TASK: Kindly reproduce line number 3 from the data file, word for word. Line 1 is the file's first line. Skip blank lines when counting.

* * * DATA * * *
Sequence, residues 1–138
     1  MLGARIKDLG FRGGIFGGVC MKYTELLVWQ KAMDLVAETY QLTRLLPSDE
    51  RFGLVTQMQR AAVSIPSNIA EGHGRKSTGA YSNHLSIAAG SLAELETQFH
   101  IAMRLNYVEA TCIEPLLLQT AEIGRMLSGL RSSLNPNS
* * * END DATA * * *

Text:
    51  RFGLVTQMQR AAVSIPSNIA EGHGRKSTGA YSNHLSIAAG SLAELETQFH